Unlike chemical approaches to water disinfection, UV provides rapid, effective inactivation of microorganisms through a physical process. When bacteria, viruses and protozoa are exposed to the germicidal wavelengths of UV light, they are rendered incapable of reproducing and infecting. UV light has demonstrated efficacy against pathogenic organisms, including those responsible for cholera, polio, typhoid, hepatitis and other bacterial, viral and parasitic diseases. In addition, UV light (either alone or in conjunction with hydrogen peroxide) can destroy chemical contaminants such as pesticides, industrial solvents, and pharmaceuticals through a process called UV-oxidation. Microorganisms are inactivated by UV light as a result of damage to nucleic acids. The high energy associated with short wavelength UV energy, primarily at 254 nm, is absorbed by cellular RNA and DNA. This absorption of UV energy forms new bonds between adjacent nucleotides, creating double bonds or dimers. Dimerization of adjacent molecules, particularly thymine, is the most common photochemical damage. Formation of numerous thymine dimers in the DNA of bacteria and viruses prevents replication and inability to infect.
Ultraviolet (UV) lamps emit electromagnetic radiation with a wavelength between 10 nanometers (nm) and 400 nm, which is below the visible light spectrum. UV lamps have industrial uses in sterilization, geology, polymer and adhesive curing, and laboratory research and analysis, including biological analysis. UV lamps often use fluorescent sources, short-wave, and gas-discharge lamp.
UV lamps emit UV light as one of three subtypes: UV-C, from 100 nm to 280 nm; UV-B, from 280 nm to 315 nm; and UV-A, from 315 nm to 400 nm.
Ultraviolet (UV) light kills cells by damaging their DNA. The light initiates a reaction between two molecules of thymine, one of the bases that make up DNA. The resulting thymine dimer is very stable, but repair of this kind of DNA damage–usually by excising or removing the two bases and filling in the gaps with new nucleotides–is fairly efficient. Even so, it breaks down when the damage is extensive.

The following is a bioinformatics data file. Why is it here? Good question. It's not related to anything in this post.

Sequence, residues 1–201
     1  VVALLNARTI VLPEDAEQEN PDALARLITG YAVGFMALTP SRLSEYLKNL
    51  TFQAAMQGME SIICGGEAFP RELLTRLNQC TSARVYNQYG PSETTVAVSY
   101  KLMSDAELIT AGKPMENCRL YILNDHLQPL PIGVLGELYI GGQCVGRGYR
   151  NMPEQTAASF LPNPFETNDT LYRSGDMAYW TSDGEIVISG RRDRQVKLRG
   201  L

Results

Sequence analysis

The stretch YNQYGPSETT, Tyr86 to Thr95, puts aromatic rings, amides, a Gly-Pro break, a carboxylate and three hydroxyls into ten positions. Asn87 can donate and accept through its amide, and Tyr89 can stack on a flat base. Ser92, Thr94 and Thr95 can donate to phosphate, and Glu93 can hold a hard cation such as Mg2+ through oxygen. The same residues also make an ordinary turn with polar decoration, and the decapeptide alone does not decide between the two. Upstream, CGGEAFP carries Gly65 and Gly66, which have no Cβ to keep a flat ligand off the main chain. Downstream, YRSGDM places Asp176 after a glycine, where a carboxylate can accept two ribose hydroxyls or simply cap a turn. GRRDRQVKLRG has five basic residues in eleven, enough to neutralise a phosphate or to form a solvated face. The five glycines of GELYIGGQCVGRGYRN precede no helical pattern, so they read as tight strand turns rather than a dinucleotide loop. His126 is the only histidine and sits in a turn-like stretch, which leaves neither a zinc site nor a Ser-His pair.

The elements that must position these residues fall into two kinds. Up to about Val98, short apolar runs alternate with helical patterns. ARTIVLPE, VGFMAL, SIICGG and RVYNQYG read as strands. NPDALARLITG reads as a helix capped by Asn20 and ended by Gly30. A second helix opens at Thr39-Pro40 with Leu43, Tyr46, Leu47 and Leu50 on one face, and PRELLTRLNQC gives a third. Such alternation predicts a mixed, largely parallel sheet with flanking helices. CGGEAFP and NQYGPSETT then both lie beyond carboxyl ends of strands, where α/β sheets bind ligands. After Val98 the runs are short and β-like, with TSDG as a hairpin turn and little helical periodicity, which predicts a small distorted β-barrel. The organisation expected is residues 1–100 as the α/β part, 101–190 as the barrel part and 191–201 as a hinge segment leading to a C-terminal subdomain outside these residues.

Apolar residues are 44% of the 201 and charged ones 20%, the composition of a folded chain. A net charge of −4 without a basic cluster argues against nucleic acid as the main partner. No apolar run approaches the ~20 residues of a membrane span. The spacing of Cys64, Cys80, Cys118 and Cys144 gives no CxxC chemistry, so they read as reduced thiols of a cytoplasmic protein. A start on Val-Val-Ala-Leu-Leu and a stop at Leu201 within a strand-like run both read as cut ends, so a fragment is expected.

The longer the exposure to UV light, the more thymine dimers are formed in the DNA and the greater the risk of an incorrect repair or a “missed” dimer. If cellular processes are disrupted because of an incorrect repair or remaining damage, the cell cannot carry out its normal functions. At this point, there are two possibilities, depending on the extent and location of the damage. If the damage is not too extensive, cancerous or precancerous cells are created from healthy cells. If it is widespread, the cell will die.
Now, investigators from the Center for Radiological Research at Columbia University Irving Medical Center (CUIMC) believe they may have found a new, low-cost solution to eradicating airborne viruses in indoor public spaces. The research team found that continuous low doses of far ultraviolet C (far-UVC) light can kill airborne flu viruses without harming human tissues. The findings from the new study—published today in Scientific Reports in an article entitled “Far-UVC Light: A New Tool to Control the Spread of Airborne-Mediated Microbial Diseases”—suggests that use of overhead far-UVC light in hospitals, doctors’ offices, schools, airports, airplanes, and other public spaces could provide a powerful check on seasonal influenza epidemics, as well as influenza pandemics.
Scientists have known for decades that broad-spectrum UVC light, which has a wavelength of between 200 to 400 nanometers (nm), is highly effective at killing bacteria and viruses by destroying the molecular bonds that hold their DNA together. This conventional UV light is routinely used to decontaminate surgical equipment.
Interestingly, several years ago, Dr. Brenner and his colleagues hypothesized that a narrow spectrum of ultraviolet light called far-UVC could kill microbes without damaging healthy tissue. Moreover, the researchers demonstrated that far-UVC light was effective at killing MRSA (methicillin-resistant Staphylococcus aureus) bacteria, a common cause of surgical wound infections, but without harming human or mouse skin.
“Far-UVC light has a very limited range and cannot penetrate through the outer dead-cell layer of human skin or the tear layer in the eye, so it’s not a human health hazard,” Dr. Brenner noted. “But because viruses and bacteria are much smaller than human cells, far-UVC light can reach their DNA and kill them.”